At a recent meeting of the American Association for the Advancement of Science, a group of biologists discussed how, in the near future, people could expect to live 100 years. A longer, healthier life is good news to most, but predictably some speakers took a negative, almost pro-death, stance.
Stanford University biologist Dr. Shripad Tuljapurkar presented a model examining the demographic and economic effects of increased longevity. He said that between 2010 and 2030, anti-aging therapies will increase the normal lifespan by 20 years — an estimate many scientists consider “moderate.” He also predicted that an increase in longevity would create twice as many American retirees as working people. This, he said, would double the dependency ratio and increase the costs of Social Security and Medicare. That’s, of course, if everything stays the same.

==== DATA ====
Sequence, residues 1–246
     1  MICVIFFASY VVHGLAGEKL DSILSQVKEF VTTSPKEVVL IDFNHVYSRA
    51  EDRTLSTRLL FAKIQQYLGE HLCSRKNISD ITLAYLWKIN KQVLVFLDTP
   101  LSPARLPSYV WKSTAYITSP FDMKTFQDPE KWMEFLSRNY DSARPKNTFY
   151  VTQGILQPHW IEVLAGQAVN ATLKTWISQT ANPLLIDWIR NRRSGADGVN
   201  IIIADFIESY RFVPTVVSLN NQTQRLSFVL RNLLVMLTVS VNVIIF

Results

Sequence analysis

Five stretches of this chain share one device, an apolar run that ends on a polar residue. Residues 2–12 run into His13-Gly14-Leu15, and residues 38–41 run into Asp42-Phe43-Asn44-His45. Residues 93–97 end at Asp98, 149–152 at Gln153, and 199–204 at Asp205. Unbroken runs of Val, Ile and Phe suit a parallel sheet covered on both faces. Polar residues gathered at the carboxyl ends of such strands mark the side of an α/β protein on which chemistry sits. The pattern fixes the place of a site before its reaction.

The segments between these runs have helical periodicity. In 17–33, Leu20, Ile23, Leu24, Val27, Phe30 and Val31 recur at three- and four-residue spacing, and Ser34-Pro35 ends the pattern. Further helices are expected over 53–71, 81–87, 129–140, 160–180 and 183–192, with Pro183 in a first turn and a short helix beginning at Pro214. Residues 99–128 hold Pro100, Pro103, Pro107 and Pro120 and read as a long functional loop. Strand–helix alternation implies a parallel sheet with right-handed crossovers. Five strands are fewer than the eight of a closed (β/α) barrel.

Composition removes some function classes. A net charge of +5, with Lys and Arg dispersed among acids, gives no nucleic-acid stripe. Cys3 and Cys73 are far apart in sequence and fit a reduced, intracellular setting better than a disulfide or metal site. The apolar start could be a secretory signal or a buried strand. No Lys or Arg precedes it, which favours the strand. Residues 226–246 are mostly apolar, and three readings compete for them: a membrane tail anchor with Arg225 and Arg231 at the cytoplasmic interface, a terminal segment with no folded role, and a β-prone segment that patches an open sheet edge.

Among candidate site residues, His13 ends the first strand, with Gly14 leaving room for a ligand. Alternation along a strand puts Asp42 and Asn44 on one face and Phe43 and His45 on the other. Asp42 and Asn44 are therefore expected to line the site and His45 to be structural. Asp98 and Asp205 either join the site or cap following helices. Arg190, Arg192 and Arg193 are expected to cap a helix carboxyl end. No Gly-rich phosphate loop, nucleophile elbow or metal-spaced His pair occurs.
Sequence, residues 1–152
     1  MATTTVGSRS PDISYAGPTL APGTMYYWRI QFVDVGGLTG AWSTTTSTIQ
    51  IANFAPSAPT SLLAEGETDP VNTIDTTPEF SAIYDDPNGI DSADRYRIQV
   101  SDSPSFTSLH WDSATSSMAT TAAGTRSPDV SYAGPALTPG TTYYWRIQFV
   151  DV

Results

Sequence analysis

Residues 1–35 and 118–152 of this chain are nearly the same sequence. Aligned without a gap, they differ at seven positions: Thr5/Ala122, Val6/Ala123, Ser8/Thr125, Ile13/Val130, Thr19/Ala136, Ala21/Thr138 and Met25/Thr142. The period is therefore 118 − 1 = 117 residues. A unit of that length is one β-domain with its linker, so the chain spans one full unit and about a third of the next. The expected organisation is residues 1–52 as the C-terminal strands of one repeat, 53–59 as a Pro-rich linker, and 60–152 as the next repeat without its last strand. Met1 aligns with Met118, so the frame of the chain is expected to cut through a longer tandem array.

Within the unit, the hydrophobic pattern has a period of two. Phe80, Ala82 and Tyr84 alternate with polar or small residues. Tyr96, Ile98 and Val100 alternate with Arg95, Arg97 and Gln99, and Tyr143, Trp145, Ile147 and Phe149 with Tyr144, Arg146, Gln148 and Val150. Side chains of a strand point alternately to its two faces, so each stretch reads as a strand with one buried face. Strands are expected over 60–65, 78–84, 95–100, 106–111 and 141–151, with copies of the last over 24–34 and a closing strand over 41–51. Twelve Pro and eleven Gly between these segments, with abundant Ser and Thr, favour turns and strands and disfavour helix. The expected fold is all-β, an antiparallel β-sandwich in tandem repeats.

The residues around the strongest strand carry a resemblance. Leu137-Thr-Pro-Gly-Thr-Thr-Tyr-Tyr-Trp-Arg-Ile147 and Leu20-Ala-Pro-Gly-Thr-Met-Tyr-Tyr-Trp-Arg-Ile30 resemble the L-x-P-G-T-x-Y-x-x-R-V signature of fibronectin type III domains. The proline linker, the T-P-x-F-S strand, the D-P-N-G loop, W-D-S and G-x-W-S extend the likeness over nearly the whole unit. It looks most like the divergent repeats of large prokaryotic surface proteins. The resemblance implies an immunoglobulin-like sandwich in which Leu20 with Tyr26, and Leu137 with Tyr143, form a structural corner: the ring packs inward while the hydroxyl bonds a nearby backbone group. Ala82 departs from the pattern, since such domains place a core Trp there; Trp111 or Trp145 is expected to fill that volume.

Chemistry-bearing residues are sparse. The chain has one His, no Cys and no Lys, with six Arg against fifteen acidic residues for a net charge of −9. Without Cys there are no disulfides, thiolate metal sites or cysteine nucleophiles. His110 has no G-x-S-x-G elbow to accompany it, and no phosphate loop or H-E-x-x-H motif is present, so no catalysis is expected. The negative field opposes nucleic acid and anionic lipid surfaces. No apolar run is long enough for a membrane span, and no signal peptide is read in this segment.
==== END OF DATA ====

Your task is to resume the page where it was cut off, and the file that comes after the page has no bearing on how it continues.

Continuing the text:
A System in Danger
In a scenario where people are living longer and healthier lives, it’s likely that the retirement age would increase and that most people would want it that way. Indeed, Dr. Tuljapurkar generated an estimate of such a scenario and concluded that the retirement age would have to climb to 85 in order to keep current social systems from collapsing.
Social Security reform has been a serious issue for a number of years. Many policy watchers already think the system will collapse because of sheer mismanagement. Adding increased life spans to the mix just makes things more difficult, but not everyone was pessimistic.
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